Women & Stroke
What you need to know to reduce your risk
No matter your gender, stroke is a cardiovascular consequence no one asks for. Yet it happens almost 800,000 times a year, and it strikes women more often than men. Of 6.8 million Americans who have survived a stroke, 3.8 million are female. This is primarily true because stroke increases with age. Seventy-five percent of strokes occur in people over 65–and women live longer than men. By 2030 almost a fifth of Americans will be over age 65, and the majority will be women.
This has profound implications for both our society and our mothers. Stroke is the third leading cause of death for women while it ranks fifth for men. Because stroke occurs later in life for women, they are less likely to recover fully and return home to live independently, so they are more likely to be placed in a nursing home. These demographics indicate there will be approximately 200,000 more women than men living with the effects of stroke by 2030.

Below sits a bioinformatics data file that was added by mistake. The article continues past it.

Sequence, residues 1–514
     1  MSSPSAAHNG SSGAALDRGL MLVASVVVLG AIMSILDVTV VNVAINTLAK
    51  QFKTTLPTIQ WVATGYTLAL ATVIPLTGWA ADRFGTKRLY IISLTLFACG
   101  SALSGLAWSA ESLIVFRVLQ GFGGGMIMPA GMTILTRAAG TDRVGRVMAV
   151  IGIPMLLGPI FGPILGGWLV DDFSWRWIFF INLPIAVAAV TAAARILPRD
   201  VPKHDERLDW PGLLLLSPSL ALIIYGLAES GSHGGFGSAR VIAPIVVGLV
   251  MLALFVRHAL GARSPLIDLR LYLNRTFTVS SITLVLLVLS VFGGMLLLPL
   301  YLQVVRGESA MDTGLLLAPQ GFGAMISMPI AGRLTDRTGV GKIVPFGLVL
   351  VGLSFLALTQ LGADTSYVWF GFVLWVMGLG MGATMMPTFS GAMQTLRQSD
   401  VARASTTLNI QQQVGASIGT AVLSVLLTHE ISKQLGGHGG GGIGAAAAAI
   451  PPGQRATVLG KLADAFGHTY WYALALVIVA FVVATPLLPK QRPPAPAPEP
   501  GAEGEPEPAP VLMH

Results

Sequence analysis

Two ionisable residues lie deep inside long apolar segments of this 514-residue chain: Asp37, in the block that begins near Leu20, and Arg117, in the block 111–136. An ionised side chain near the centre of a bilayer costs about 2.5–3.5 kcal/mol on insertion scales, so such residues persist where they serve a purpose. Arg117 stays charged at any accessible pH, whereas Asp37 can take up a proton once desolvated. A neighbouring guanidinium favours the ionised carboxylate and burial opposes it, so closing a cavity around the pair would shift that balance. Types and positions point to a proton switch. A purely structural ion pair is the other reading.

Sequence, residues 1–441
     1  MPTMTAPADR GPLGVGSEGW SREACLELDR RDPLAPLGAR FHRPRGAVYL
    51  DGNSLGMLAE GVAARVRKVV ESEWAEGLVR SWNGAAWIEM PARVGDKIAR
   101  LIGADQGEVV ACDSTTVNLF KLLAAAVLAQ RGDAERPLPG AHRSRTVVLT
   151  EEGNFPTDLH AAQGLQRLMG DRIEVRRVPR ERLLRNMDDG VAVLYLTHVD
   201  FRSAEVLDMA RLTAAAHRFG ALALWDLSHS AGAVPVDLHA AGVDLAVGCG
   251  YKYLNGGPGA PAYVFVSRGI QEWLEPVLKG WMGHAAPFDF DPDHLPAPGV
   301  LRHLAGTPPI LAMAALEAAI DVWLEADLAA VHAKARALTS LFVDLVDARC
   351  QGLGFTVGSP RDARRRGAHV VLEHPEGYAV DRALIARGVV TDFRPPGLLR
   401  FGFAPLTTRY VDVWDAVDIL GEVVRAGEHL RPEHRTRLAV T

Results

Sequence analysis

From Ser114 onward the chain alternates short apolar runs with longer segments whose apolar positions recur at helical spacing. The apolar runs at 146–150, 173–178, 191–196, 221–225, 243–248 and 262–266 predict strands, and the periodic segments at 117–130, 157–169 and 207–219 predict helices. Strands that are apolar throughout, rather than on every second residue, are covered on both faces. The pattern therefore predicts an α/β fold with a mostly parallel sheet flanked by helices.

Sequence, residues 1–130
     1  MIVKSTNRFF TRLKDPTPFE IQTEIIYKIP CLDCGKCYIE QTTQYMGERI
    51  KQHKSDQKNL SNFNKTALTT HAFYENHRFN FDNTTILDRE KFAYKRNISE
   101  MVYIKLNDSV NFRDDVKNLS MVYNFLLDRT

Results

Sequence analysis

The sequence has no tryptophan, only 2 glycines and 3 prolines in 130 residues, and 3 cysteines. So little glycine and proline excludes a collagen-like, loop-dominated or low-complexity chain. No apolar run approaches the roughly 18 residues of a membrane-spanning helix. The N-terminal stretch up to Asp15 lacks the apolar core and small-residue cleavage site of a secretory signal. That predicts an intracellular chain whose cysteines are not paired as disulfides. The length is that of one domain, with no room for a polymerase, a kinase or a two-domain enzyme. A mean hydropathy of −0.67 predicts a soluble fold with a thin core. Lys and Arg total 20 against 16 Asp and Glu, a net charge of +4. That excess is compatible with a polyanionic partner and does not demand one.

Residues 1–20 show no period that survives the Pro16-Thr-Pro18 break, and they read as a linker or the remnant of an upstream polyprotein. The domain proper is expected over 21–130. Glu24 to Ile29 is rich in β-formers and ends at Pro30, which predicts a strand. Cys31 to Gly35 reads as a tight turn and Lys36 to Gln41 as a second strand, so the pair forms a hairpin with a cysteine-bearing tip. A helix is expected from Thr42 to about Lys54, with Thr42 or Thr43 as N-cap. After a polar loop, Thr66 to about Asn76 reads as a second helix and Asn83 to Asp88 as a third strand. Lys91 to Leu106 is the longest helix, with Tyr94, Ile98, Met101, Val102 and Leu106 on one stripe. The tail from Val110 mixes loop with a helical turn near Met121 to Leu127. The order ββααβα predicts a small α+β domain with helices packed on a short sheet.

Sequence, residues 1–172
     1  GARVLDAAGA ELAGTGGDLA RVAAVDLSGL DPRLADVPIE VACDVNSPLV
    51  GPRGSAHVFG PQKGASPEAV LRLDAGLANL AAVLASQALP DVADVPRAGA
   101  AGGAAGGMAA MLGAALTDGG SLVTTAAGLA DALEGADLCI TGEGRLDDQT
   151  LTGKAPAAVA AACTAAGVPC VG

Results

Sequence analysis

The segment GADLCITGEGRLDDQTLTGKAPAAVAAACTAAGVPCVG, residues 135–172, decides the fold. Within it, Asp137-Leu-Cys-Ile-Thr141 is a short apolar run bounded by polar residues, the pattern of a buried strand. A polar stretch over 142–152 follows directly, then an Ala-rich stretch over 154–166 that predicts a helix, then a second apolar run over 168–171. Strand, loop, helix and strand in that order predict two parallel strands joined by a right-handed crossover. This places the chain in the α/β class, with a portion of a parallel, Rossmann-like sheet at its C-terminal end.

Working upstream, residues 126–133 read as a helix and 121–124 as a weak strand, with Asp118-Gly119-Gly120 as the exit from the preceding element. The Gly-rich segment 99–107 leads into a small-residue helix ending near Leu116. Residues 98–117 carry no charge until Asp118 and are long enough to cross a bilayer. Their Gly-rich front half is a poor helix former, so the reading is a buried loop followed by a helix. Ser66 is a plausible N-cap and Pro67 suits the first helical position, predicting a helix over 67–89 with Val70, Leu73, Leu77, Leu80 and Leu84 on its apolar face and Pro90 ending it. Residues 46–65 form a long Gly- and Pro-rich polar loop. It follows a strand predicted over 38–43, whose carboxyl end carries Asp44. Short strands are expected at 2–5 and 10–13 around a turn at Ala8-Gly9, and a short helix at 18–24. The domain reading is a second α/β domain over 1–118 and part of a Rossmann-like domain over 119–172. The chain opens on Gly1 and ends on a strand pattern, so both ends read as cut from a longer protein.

But age isn’t the only reason women have an increased risk of stroke. Some risk factors for stroke are exclusive to women, and for this reason, the American Heart Association/American Stroke Association recently published Guidelines for the Prevention of Stroke in Women. "Emerging data suggest that men and women have a different expression and different incidence of disease," says Louise McCullough, M.D., professor of neurology and neuroscience at the University of Connecticut Health Center and The Stroke Center at Hartford Hospital, and co-author of the guidelines. "The original guidelines didn’t take into account some of the factors that are unique to women. Pregnancy and pregnancy complications being one, but also that women have poorer recovery from stroke. Women have higher rates of recurrent stroke. A lot of that is related to age." The guidelines review risk factors unique to women (or that affect women differently) and seek to determine if there is a need for a stroke-risk score for women using female-specific factors such as pregnancy and menopause.